If you are a pharmacist (or tech) working at Costco, CVS, Rite-Aid, or another high-volume dispensary there are a lot of really cool machines available to help make your job easier. However, if you’re tired of counting pills by hand and you don’t really need security cabinets, robotic arms, thumbprint scanners, touch screens, printers, etc. you might be in the market for a table-top pill counter. An Internet search will quickly reveal that there are not a lot of options available (which is likely how you found this article!).
Rx Count Corporation produces only the Rx-4 automatic pill counter but we realize that our counter might not be the best choice for every user or application! Often times, depending on the speed, number of scripts, volume of pills, technical considerations, or other reason, our competitors’ models might be a better option. This purpose of this article is to take and honest look at the pros and cons of the top available options for an entry-level, table-top pill counting machine.
Here are the top available options in no particular order…
- Kirby Lester KL1
- GSE Eyecon
- Pharmacy scale (various manufacturers)
- Rx Count Rx-4
We have another blog post that specifically discusses pricing differences (https://rxcount.com/how-much-do-pill-counters-cost/). Hopefully, this post will provide enough information to make the best choice for you!
Kirby Lester KL1:
- Accuracy: 99.97%
- Counting Method: Pour-through design where the user sprinkles pills into a funnel-like chute. Pills are counted as they fall vertically through the machine and are deposited in a collection tray which can be used to transfer pills to a vial.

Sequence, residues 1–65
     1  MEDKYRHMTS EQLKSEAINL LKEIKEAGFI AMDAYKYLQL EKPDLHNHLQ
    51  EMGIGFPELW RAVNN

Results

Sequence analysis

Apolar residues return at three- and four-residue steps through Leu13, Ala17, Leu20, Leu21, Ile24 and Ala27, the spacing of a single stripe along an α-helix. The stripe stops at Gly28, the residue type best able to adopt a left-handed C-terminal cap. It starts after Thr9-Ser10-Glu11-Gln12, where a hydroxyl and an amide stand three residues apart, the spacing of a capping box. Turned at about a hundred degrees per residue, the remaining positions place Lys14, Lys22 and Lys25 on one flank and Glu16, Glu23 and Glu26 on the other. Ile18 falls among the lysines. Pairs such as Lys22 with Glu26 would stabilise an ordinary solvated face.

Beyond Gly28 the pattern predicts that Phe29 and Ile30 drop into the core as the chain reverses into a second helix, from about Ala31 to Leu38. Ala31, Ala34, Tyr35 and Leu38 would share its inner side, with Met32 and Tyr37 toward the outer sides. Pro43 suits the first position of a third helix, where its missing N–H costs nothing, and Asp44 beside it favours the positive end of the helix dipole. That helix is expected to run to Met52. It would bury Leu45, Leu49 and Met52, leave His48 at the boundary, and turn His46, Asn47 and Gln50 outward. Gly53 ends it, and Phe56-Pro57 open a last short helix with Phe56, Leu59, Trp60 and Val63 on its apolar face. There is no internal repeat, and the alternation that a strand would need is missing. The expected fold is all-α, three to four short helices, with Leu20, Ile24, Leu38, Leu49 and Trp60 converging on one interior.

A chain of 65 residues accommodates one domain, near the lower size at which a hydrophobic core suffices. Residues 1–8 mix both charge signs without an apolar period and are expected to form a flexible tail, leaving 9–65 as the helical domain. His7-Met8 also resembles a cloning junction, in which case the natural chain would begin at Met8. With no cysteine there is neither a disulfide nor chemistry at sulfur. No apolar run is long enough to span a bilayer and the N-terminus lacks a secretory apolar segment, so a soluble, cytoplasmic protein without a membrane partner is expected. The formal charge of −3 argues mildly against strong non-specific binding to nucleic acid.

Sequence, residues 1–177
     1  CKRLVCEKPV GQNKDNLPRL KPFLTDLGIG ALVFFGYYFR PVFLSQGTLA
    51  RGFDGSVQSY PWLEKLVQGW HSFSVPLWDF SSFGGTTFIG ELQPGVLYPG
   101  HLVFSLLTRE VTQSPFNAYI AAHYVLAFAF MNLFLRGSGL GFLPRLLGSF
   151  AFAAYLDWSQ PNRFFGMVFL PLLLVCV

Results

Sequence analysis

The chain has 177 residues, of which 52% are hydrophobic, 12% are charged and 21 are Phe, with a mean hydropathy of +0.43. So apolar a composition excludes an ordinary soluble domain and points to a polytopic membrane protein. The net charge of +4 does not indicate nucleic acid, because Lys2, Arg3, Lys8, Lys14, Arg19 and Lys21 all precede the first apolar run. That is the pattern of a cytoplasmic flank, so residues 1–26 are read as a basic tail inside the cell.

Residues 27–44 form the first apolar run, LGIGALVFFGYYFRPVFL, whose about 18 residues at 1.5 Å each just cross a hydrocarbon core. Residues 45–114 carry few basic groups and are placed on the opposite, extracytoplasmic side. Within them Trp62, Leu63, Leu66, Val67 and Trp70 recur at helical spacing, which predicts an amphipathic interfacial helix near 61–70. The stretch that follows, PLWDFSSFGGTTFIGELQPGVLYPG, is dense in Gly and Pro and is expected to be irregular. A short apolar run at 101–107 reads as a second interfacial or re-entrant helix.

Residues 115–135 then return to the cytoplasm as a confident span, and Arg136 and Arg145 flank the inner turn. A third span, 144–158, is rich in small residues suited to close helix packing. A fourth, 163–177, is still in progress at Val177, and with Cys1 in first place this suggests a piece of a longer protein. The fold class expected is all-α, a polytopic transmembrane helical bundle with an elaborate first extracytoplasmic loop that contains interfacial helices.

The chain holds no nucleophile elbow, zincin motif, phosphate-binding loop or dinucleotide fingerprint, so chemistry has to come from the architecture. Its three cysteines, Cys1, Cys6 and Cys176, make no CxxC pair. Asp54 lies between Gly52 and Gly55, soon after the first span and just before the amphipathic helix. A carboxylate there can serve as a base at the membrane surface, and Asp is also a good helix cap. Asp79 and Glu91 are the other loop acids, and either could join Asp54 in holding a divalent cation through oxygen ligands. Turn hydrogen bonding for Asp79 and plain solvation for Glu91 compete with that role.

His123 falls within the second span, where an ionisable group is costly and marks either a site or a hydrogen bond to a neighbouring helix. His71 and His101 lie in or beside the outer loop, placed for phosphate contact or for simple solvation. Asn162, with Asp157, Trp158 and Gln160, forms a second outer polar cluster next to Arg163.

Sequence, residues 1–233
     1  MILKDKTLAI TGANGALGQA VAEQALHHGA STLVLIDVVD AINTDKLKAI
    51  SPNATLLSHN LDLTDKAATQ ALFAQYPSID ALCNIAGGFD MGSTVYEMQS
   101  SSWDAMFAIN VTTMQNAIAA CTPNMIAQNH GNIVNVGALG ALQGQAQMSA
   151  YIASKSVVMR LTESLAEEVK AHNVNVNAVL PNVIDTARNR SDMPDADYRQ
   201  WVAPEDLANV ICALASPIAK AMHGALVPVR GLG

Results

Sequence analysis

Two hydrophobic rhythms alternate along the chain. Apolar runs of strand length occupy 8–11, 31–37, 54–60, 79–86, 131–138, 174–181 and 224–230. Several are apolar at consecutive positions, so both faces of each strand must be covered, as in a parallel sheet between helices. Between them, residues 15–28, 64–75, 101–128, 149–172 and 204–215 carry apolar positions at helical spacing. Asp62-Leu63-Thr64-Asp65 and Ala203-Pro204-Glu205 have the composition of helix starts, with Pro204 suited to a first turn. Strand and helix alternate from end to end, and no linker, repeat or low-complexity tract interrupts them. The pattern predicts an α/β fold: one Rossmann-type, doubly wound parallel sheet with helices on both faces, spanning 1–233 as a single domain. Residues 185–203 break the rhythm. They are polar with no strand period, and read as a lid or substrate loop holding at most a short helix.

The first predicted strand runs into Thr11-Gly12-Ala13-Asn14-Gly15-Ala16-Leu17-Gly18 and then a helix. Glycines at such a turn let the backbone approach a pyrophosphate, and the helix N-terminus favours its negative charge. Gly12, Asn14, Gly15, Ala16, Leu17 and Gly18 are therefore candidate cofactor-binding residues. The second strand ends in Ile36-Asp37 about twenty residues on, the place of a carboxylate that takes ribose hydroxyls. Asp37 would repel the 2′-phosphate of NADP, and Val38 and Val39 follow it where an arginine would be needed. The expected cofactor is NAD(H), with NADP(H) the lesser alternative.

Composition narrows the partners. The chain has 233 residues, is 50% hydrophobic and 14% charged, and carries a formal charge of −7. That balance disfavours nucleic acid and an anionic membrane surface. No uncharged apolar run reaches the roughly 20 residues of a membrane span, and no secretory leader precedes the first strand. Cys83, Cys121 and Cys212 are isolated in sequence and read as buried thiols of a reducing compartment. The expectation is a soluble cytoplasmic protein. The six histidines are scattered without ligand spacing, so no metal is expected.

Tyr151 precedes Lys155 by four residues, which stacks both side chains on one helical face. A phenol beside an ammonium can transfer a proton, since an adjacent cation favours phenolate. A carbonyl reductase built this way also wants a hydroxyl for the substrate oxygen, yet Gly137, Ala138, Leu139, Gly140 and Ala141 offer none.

- Benefits & Features: Fast speed of counting; no moving parts; high-tech sensor can detect partial pills & fragments; compact design; can count items other than pills
- Negatives: High price; user must be present to operate; pouring the pills too fast results in errors and miscounts; cannot pre-program desired amounts; sometimes have to manually add or subtract pills from the final count; difficult to clean contact surfaces; no direct vial-filling; design is not ideal for high-volume or bulk counting; expensive repairs
- Accuracy: 99%
- Counting Method: Machine vision technology. Pills are placed on a platter where the unit captures photo images and indicates the quantity on a display panel.
- Benefits & Features: Extremely fast counting; identifies foreign substances or broken pills; connectable to pharmacy management software; barcode scanner ensures correct medication is dispensed; saves photos of every count
- Negatives: Very high price; large footprint; only one method of counting
- Accuracy: NTEP Class II (NTEP Class II devices are used for high-precision weighing 10,000 – 100,000 divisions)
- Counting Method: Scale counts by weight
- Benefits & Features: Connectable to pharmacy management software; barcode scanner ensures correct medication is being dispensed; compact design
- Negatives: Requires frequent calibration; only one method of counting; no direct vial-filling
Rx Count Rx-4:
- Accuracy: 99.97%
- Counting Method: Rotating turntable feeds pills through a self-adjusting gate past an infrared sensor. Pills are dispensed either into collection trays or directly into the final container.
- Benefits & Features: Affordable price; faster & more accurate than hand-counting; multiple counting options; direct vial-filling; compact & lightweight design; large, easy-to-read LED display; operator does not have to be present to operate; easy to clean; requires no calibration
- Negatives: Not as fast as Kirby Lester models; has moving parts; no software connectivity
Each of the above systems works very well in the right environment and hopefully, this helps with your decision-making process. We welcome any questions you might have.